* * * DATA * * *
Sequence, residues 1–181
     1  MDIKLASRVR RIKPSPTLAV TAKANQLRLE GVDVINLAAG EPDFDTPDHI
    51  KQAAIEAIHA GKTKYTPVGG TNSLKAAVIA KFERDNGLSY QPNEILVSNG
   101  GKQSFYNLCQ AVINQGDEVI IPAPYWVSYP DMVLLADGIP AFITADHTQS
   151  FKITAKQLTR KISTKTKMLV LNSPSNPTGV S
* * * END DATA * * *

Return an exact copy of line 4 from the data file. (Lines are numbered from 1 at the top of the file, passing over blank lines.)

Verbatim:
   101  GKQSFYNLCQ AVINQGDEVI IPAPYWVSYP DMVLLADGIP AFITADHTQS